Azure Stacks’ role in the “Azure: The World’s Computer” vision

A little more over a year ago Microsoft started shipping Azure Stack. The ability of running a subset of Azure features running in your datacenter was (and still is) just amazing. But what lies ahead of us in the near future? Slowly the role fit for Azure Stack in the Azure eco system settles in and its one I didn’t anticipate over a year ago!

Azure: The World’s Computer
What is Azure World’s Computer? Where is this coming from. A nice quote (or wrap up ) was done in this article and stated:

“Nadella’s “cloud as the world’s computer” begins with Azure metaphorically as the OS, continued with cloud-based products and services as the programs and the intelligent edge and diversity of edge and IoT devices as the UI.”

The quote from Nadella sums it all up, but a view of the distributed layers will always help. See below that vision in a picture:

On the left top we see Azure Sphere, the Linux distro build by Microsoft to run on microcontroller units (MCU’s) and is being managed by Azure. This MCU can run your coffee machine by the time you are reading this. Drones that use ML techniques that run in a container in the drone to recognize a particular situation and take action upon that. Same for industrial assets that need close to the machine/device computations to take action for the machine based on an algorithm. Azure Data Box Edge is a storage solution that allows you to process data and send it over network to Azure and during transfer perform ML based algorithm over that data.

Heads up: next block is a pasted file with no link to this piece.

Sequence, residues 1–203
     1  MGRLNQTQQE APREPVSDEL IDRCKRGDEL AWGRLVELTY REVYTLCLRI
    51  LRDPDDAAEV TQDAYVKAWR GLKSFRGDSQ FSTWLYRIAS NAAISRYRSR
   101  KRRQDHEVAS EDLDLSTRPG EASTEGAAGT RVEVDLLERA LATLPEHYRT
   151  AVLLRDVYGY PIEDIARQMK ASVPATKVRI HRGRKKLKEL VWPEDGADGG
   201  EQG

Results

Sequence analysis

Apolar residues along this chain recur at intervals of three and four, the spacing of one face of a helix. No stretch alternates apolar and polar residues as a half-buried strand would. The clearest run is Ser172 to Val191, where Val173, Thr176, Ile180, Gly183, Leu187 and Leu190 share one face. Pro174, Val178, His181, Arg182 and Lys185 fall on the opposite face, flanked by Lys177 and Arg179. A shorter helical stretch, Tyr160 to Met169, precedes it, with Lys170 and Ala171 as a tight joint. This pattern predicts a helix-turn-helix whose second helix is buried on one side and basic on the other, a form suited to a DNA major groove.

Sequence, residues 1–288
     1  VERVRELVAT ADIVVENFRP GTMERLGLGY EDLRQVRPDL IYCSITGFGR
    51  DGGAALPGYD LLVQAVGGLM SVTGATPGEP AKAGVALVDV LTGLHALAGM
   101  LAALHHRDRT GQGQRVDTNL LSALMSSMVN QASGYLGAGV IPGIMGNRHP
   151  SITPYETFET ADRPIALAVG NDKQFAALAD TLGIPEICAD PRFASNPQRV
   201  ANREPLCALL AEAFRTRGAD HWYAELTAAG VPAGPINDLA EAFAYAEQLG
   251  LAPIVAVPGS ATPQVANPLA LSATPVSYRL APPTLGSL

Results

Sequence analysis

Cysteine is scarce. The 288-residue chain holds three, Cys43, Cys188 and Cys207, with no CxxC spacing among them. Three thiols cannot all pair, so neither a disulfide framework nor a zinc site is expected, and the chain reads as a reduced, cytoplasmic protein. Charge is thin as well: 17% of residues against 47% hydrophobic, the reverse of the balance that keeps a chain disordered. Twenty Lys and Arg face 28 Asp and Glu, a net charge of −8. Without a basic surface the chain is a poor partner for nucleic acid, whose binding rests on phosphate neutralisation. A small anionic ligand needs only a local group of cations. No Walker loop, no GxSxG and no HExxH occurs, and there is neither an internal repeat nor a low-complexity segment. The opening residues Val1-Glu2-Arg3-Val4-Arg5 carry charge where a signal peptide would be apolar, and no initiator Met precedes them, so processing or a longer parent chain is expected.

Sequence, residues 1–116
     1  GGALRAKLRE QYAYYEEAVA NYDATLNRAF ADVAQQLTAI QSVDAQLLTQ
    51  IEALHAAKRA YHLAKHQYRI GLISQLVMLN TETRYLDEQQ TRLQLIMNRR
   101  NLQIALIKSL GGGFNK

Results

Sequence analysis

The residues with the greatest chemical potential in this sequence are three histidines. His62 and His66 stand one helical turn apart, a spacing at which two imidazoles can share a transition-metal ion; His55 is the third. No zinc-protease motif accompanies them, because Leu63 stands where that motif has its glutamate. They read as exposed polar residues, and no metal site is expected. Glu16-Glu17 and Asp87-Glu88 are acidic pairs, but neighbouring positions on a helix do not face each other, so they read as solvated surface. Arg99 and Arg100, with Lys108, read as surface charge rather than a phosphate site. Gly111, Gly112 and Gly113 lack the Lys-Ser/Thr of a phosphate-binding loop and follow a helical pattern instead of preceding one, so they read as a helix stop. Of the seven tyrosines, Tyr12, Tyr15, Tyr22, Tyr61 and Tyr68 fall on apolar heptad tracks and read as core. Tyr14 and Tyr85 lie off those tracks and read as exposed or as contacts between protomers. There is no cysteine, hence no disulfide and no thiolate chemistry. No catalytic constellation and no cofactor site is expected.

And then there is Azure Stack. Azure Stack allows you to have a subset of Azure services running in your own datacenter. As with all the other edge devices, meant to transfer data to Azure eventually, I believe Azure Stack will do the same. Its bigger than a databox and definitely has more computing power. So, imagine having Tesla or any other autonomous driving car having data about the environment and there is 5G that can connect these cars to a farm of distributed services running on Azure Stacks that are deployed at 5G antennas in the country. Services running on Azure Stack will allow communications to vehicles and, because of the intense compute power available, generalize and upload the data to Azure Storage for big data analysis. The ‘service’ the car connects to will have redundant endpoints to provide high availability.

Then all the Azure Services to manage it. Security Center & AAD for security and identity across edge and cloud. A unified management experience and the Partner Eco system for reselling / co-selling. So, that’s the horizon. The point we are getting to along the days, months and years.

Azure Stack and scale